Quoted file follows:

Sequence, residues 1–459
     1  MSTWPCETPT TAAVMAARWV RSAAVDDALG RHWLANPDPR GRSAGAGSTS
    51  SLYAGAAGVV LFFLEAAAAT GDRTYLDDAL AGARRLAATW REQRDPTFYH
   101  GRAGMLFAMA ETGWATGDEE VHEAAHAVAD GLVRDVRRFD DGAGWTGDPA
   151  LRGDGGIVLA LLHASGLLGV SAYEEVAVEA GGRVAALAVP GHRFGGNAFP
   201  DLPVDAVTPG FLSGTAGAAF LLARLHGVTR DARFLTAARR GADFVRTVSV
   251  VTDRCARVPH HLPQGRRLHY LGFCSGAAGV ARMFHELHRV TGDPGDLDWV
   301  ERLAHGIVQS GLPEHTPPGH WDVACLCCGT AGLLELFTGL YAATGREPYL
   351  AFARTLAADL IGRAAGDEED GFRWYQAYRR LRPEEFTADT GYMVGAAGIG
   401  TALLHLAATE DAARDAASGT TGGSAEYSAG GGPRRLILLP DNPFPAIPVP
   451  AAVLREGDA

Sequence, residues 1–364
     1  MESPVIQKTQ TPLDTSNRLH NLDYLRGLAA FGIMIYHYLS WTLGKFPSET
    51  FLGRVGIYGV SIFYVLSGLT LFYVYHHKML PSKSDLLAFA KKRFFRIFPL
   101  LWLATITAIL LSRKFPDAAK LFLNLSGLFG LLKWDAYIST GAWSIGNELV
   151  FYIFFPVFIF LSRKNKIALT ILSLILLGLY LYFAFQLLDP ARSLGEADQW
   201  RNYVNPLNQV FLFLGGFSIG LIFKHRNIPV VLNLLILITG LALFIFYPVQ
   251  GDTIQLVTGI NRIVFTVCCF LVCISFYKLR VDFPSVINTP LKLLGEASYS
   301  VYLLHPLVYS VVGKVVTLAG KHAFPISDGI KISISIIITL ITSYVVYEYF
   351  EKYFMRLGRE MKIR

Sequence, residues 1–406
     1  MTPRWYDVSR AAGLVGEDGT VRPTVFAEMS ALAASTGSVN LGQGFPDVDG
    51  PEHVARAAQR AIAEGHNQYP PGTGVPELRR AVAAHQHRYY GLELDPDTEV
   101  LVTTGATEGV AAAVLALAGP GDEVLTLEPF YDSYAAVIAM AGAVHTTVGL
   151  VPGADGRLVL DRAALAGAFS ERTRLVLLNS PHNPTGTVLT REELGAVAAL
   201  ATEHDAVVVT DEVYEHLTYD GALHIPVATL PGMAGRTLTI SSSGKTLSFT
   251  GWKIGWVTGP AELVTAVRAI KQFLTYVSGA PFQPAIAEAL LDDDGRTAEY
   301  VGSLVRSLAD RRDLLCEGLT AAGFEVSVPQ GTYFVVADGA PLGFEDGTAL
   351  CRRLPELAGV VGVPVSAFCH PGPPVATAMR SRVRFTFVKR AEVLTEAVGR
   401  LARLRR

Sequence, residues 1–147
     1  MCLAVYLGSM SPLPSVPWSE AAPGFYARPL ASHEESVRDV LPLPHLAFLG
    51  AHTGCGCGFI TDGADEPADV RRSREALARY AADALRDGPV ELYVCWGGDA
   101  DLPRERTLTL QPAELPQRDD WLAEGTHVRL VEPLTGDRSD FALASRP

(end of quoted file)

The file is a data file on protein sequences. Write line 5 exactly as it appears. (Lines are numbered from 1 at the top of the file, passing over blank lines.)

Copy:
   151  LRGDGGIVLA LLHASGLLGV SAYEEVAVEA GGRVAALAVP GHRFGGNAFP